What the RBC Top 25 Canadian Immigrant Award Means To Me
This post was originally published on Cambio & Co.
I was nominated by a Filipina in the community, someone who believed deeply in our mission at Cambio & Co., and who specifically believed in me.
Of course, I feel immensely proud and grateful for this honour. But for all the pride I feel, a part of me also wants to hide away.
In fact, I actually avoided telling anyone about the award for days.
WHAT ARE THE RBC AWARDS?
The RBC Top 25 Canadian Immigrant Awards is a people’s choice awards program that recognizes inspirational immigrants who’ve made a positive impact on their communities since arriving in Canada. It’s actually the first national award program in the country that specifically recognizes the achievements of all immigrants - from community advocates to cultural icons.
I was nominated alongside a nurse, a scientist, an entrepreneur, and an accomplished author. Within the other 75 finalists, there were five Filipinas, including me. I remember in my early twenties, back when I was doing my undergrad at the University of Guelph and confused about life, I would read about the award winners and think how accomplished everyone was. I hoped that one day, I would be deserving of this award, too.
Now that the day has come, my reaction is not what I expected.
WHY I DIDN’T TELL ANYONE
It’s not that I’m not proud to receive this award. In fact, it’s BECAUSE the RBC Awards mean so much to me that I initially felt apprehensive to tell others about it.
Mixed in with my pride and gratitude are messy emotions of insecurity, anxiety, and perhaps even guilt. Do I really deserve this? Of course, technically I AM an immigrant - but I grew up here. Should I really be winning this award?
I had the privilege of youth. My parents made the difficult decision to uproot their lives in Philippines and move to Canada when I was just three years old. I didn’t struggle the way my parents did to find employment, build a new community of friends, or raise a family in a country of strangers.
IT'S BECAUSE OF THE WORK OF FILIPINOS AND INDIVIDUALS BEFORE ME THAT THERE ARE PLATFORMS TO SHARE AND CELEBRATE FILIPINO STORIES LIKE MINE. PICTURED IS MY INTERVIEW WITH DUAL CITIZEN SERIES DOCUMENTARY.
I didn’t struggle the way many of my friends who immigrated here later have struggled, nor did I face the same challenges my older sisters did when they began attending school in Canada for the first time.
Did I struggle enough? I asked myself.
And then my husband (and Cambio & Co.’s co-founder) Jérôme asked me, “well, is that all there is to being an immigrant? Hardship?” he said. “The RBC Top 25 awards aren’t about who struggled the most. It’s about accomplishment too. And hope and dreams.”
I began to realize that of course, this isn’t about me. I may be the one whose name will be called up on stage, but this is not an award for me. It’s for all the people who have done the work BEFORE me.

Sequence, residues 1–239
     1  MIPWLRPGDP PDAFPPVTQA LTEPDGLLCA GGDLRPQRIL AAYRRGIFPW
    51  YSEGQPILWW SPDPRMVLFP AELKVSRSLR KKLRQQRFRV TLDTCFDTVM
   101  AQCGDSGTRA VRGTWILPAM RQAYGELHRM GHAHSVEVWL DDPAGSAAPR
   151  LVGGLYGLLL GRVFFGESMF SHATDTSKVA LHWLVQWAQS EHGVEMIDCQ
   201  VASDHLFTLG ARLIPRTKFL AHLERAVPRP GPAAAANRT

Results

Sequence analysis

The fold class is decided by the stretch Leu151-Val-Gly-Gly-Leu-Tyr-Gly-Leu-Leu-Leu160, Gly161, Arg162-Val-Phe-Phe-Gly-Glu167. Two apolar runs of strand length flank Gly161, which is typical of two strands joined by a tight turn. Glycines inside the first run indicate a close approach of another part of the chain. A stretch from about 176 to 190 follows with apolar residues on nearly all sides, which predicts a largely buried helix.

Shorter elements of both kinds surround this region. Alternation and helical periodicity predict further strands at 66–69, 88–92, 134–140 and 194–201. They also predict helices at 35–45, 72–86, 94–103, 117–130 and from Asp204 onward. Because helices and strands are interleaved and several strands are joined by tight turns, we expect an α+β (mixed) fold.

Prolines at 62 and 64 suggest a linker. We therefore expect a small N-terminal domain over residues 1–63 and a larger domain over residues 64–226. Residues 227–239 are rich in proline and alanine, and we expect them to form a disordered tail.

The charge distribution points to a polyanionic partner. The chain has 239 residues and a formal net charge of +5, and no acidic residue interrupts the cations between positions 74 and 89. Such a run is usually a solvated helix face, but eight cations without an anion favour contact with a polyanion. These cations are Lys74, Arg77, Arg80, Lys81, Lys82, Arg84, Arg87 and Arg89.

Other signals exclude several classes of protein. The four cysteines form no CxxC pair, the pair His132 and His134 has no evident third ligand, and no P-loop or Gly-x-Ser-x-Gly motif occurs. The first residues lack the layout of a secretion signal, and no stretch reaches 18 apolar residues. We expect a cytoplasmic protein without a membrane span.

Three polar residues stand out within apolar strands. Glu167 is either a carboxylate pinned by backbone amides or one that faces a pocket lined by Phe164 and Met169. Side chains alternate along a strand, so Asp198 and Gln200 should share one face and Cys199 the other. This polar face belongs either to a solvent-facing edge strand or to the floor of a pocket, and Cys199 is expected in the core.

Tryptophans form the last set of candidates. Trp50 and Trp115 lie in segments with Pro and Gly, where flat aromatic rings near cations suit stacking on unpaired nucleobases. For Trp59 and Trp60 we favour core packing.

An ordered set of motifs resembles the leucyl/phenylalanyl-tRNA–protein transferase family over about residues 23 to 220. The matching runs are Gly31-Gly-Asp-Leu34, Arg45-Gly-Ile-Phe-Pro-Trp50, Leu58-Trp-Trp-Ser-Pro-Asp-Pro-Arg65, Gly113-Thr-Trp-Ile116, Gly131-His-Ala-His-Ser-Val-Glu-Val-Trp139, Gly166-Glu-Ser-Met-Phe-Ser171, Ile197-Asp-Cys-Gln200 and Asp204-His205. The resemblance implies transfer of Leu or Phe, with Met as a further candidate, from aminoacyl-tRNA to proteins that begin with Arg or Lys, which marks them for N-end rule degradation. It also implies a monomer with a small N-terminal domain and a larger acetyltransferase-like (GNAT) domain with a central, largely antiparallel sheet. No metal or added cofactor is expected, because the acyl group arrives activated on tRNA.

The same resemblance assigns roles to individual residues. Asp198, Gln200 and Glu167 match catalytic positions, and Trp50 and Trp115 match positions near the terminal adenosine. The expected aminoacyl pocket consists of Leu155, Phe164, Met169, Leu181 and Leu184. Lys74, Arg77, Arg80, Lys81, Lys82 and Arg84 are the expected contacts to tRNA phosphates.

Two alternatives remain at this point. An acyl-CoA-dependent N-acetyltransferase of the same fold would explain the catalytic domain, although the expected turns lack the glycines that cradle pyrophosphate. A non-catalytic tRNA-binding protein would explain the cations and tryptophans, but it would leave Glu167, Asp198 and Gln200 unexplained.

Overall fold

RECLAIMING OUR STORY
2019 is the first year Canada is celebrating Filipino Heritage Month in the country and it feels like kismet that the RBC winners are announced at the same time.
I think about the Filipino-Canadian community, and the people who worked tirelessly to make Filipino Heritage Month an official celebration. It’s because of them that stories of younger Filipinos like me can be shared and celebrated on a national platform.
I think about my parents who worked all the time when I was younger, and our kind Filipino neighbours who would offer to babysit me when my parents couldn’t pick me up from school. How our first apartment in Toronto was far too small for a family of five, but it was full of love and fond memories.
SHARING THE STORY OF FILIPINO HERITAGE AND CRAFTSMANSHIP WITH THE YOUNGER GENERATION OF FILIPINO CANADIANS DURING TORONTO'S FILIPINOESQUE POP-UP. PHOTOCREDIT KEVIN RAMOS.
I think about younger me and how I grew up disconnected from the Filipino community. How I spent so much of my life trying to fit in and assimilate to the white majority around me, actively distancing myself from other asians because I wanted to fit the narrow definition of what a “real Canadian” was.
And I also think about our business, Cambio & Co. and what we want to accomplish. We want to create a space for Filipinos in the diaspora to reconnect with their roots by providing them with tangible pathways to learn about Filipino traditions and history through contemporary, ethical fashion.
We want young Filipinos to feel proud of the culture and communities they come from, and to feel like no matter where you are in the world, you are not alone.
The RBC Top 25 Canadian Immigrant Awards continues this work. And I’m proud to accept this award not only on behalf of my parents, but also on behalf of the many Filipinos out there who are sharing our heritage and culture loudly, fiercely, and unapologetically.